Finding a weakness like UV light is one thing. Exploiting it is quite another. “The tendency is just to say, ‘Hooray, we found the Achilles’ heel!’” says Jonah Evans, a mammalogist for Texas Parks and Wildlife. “And I’d be super excited if we do—but I also think there are major logistical problems that need to be solved first,” he says. One bat researcher suggested a contraption at the entrance to caves that is triggered when bats fly through it, dosing them with UV light to knock back any fungus that’s growing on them.
One of the difficulties of trying to eradicate white-nose fungus from a cave is that caves tend to harbor unique organisms: blind, pigmentless crustaceans, fish, amphibians, insects, bacteria—and other fungi. So while dousing a cave with a fungicide or UV light might indeed protect the bats living there, it could also harm native species, thereby disrupting the ecosystem and potentially causing further harm.
Maarten Vonhof, a biology professor at Western Michigan University, has been working on one possible solution, though. He and his colleagues have been testing a molecule called chitosan, derived from chitin, a material found in the exoskeletons of insects and other arthropods. Chitosan is known to have antimicrobial properties and to help wounds in humans heal more quickly. When the scientists tested chitosan directly on white-nose fungus in the lab, it not only slowed its growth, it also killed its spores. And, crucially, chitosan only harmed native cave fungi when applied in much higher concentrations than required to treat white-nose fungus.
When white-nose infected bats in the lab were treated with chitosan, Vonhof found higher rates of survival and less fungus on the noses of treated bats. Encouraged, he and his colleagues moved on to field trials, to see whether chitosan treatments could help wild bats as well. A pilot study in Wisconsin lent further support: The survival rate of chitosan-treated bats was double that of untreated bats.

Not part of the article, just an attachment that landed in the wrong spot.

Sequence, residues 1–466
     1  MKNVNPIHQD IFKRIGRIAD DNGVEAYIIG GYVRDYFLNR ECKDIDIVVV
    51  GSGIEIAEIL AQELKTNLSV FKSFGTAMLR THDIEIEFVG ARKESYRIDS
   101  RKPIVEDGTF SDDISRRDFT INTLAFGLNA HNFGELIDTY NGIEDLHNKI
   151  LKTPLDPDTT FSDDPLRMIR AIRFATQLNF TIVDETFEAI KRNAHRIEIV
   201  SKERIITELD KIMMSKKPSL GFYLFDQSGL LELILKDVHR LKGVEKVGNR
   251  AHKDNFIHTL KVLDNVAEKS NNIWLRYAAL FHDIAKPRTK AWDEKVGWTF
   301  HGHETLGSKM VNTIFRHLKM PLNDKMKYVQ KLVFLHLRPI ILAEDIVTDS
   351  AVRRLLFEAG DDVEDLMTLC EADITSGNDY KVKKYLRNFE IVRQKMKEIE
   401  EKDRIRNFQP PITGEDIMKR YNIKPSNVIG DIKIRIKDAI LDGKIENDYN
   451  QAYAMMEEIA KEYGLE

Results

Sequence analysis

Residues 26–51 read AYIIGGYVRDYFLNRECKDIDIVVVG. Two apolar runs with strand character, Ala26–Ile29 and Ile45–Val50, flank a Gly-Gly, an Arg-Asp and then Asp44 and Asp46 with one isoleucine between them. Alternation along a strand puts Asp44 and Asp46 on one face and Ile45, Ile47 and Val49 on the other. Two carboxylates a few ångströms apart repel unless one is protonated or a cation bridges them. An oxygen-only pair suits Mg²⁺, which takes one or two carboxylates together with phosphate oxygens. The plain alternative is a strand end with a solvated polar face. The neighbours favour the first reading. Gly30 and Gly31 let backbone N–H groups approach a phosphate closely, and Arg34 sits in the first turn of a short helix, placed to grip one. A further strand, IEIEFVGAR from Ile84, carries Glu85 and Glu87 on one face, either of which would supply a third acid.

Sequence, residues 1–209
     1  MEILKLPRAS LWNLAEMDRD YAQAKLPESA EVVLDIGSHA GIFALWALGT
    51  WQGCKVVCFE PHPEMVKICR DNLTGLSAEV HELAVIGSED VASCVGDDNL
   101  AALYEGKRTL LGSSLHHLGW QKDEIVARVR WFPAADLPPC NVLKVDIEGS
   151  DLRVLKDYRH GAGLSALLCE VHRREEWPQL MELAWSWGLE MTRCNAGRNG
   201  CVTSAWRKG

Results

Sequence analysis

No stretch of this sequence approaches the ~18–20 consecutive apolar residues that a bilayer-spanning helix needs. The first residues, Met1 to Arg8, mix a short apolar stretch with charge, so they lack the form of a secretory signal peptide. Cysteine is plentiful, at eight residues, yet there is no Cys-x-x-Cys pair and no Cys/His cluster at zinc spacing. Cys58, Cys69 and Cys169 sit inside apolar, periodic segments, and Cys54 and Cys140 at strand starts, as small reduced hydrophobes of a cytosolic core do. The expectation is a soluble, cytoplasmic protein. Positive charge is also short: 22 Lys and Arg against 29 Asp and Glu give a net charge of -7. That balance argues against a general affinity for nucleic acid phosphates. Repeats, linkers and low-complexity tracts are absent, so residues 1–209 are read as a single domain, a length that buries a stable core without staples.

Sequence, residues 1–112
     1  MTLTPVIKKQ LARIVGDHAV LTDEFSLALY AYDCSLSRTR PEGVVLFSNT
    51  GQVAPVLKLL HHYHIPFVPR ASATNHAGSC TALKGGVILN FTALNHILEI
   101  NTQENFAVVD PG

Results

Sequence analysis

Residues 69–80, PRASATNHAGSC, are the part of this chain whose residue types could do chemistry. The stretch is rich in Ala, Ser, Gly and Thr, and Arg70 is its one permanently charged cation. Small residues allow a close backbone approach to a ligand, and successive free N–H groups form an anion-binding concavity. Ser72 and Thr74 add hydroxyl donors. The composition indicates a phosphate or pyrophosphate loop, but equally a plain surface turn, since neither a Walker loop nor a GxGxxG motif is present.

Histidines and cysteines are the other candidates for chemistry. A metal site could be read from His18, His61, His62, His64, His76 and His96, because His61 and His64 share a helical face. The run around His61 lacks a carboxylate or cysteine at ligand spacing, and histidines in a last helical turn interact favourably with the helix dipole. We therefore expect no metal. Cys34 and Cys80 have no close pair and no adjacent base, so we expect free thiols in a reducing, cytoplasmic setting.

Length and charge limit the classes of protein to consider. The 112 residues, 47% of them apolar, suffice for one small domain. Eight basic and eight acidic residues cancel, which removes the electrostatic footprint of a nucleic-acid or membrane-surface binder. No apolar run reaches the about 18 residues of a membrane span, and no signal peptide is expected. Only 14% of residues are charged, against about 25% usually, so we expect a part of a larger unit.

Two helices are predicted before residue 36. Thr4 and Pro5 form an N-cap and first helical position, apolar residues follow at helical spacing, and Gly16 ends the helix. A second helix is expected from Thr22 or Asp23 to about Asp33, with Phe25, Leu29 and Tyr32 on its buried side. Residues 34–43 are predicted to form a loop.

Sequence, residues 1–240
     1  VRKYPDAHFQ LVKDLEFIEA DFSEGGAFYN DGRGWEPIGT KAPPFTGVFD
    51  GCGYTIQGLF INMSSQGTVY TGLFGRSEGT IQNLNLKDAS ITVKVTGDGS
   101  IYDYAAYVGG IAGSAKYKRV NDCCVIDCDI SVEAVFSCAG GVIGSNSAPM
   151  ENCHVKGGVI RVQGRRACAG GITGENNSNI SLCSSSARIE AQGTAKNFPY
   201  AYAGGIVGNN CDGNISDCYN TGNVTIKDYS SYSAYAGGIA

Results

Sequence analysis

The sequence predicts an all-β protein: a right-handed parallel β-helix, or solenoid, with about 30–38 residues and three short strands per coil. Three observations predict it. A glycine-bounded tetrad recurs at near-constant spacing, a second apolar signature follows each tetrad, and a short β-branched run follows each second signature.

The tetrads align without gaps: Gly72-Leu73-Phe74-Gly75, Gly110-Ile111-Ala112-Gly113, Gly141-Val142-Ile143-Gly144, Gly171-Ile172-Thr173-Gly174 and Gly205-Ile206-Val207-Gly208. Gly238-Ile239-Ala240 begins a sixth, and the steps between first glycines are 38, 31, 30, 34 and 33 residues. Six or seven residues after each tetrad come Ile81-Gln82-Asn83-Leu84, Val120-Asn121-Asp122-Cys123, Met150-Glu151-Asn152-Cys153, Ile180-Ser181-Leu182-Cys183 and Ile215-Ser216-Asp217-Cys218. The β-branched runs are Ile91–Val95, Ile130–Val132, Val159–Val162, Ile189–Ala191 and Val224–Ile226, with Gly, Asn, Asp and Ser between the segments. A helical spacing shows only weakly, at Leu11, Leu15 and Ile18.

A larger study two winters ago in Illinois and Michigan, however, gave more equivocal results. Chitosan treatment seemed to reduce the amount of visible fungus growing on the skin of infected bats, as well as tissue damage caused by the fungus—but it didn’t appear to improve survival rates. But, Vonhof noted, that winter was especially short and warm, allowing bats to feed later into the fall and start feeding again earlier in the spring, which could explain the lack of difference between treated and untreated bats, as well as the high survival rate overall.
This past winter, Vonhof and others conducted another set of field trials, these in Texas and Michigan. Those results aren’t yet available, but Vonhof hopes they will reveal chitosan’s potential role in the fight against white-nose.
A vaccine for white-nose fungus is another possible solution. The same team that helped to save black-footed ferrets from extinction by developing a vaccine for sylvatic plague is working on this now, but that work is still in its early phases.